NEW YORK — New York state will transform Penn Station into a "grand," single-level train hall as part of a new plan that scales down a broader Cuomo-era proposal, Gov. Kathy Hochul said Wednesday.

At a news conference Wednesday afternoon, Hochul announced a plan for the Midtown transit hub that will include a new, "sunlit" train hall, higher ceilings, new escalators, staircases and elevators and an underground pedestrian concourse that connects the station to Herald Square.

The project is set to take four to five years to complete and cost $6 to $7 billion, Hochul said.

It will also include several new buildings housing up to 1,800 residential apartment units - 540 of which will be permanently "affordable" - space for community and social services, eight acres of public space, and new protected bike lanes, she said.

The governor described the existing Penn Station as a "depressing" transit hub.

"It's confusing. It's cramped. It's crowded," she said. "New Yorkers deserve a world-class transportation system."

"It's a new day, my friends and it's time for a new Penn Station," she went on to say, adding that the overhaul would make commuting through Penn Station a more "positive, uplifting experience."

The new train hall will be "bigger than the Grand Central and Moynihan train halls combined," Hochul noted in a tweet.

Several hours after Hochul’s announcement, MTA Acting Chair and CEO Janno Lieber gave reporters a tour of the places in Penn Station where he believes improvements can be made. 

“Look how crowded it is? Look how unpleasant and uninviting this is,” Lieber said of the platforms where commuters wait for their trains to arrive. 

Lieber was among the transportation officials who came out in support of Hochul’s plan on Wednesday. 

In particular, he said he was excited about plans that would make the train station easier to navigate without confusion. 

“Nobody can tell you which way is north, east, west? It’s impossible,” Lieber said. 

Hochul’s list of changes, which are supposed to address problems highlighted by Lieber, also include the addition of more entrances and exits into the station and creating more spacious passageways for commuters. 

Hochul also said she believed that Cuomo’s original plan did not reflect any community input on the project.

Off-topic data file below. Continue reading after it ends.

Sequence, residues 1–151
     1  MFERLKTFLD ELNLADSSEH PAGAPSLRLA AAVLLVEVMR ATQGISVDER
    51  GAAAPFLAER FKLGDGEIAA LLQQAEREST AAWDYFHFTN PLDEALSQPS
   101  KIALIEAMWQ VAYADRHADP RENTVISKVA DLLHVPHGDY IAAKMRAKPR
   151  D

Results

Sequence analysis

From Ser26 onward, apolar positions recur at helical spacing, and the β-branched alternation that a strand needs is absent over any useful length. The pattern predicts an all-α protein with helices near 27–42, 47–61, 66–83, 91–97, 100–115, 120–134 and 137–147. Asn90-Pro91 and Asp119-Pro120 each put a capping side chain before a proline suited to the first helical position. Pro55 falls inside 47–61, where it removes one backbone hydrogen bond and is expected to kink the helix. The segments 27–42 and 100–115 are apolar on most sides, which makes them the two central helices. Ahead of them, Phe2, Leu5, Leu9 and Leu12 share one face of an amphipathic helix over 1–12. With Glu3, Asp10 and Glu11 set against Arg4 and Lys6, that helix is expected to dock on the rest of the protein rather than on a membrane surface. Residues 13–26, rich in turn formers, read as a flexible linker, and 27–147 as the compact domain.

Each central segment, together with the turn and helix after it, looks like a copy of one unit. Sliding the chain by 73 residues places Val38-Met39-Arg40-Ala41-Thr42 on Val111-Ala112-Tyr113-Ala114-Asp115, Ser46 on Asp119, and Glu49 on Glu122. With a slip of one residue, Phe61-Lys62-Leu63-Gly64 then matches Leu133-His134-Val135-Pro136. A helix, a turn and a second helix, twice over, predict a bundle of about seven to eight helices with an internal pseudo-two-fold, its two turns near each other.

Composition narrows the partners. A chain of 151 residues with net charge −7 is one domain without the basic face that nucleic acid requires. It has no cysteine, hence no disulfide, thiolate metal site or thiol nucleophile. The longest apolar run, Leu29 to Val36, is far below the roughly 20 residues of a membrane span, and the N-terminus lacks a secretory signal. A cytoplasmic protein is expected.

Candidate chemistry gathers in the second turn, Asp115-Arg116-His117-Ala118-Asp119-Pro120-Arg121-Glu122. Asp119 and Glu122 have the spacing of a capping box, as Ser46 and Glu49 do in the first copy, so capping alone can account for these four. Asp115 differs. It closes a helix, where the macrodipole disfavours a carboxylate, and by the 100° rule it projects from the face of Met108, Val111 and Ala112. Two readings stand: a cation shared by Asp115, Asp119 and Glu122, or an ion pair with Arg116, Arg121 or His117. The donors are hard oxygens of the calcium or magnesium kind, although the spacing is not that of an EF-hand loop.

Her proposal, however, has a long list of supporters, including one who was initially opposed to parts of Cuomo’s plan. 

State Senator Brad Hoylman tweeted he was “glad that community input” was guiding Hochul’s plans to “revamp America’s busiest transit hub.”

The Regional Plan Association (RPA), which did support Governor Cuomo’s plan, is now also showing their support for Hochul’s plan. 

“RPA has supported building the Gateway project and fixing Penn Station for decades — and recent poll results show the public supports this as well. Now is the time to move ahead; we need all the components of this vital project to proceed as quickly as possible,” said Tom Wright, the president and CEO of the Regional Plan Association.

The differences between Hochul’s and Cuomo’s plans are also significant.

While Hochul’s administration puts the cost of her proposal at about $6 to $7 billion, Governor Cuomo’s project was estimated to cost about $20 billion. 

The differences don’t stop at the price tag: Cuomo’s plan called for the construction of additional tracks and platforms and other major infrastructure renovations. That project, however, wasn’t expected to be completed until 2038, according to the former governor.

In addition, Hochul said after listening to community input, her administration’s project would lower building heights from her predecessor’s plan, reducing the density by 1.4 million square feet.


Programming note: Hochul is slated to appear on "Mornings On 1" on NY1 on Thursday at 8:30 a.m.


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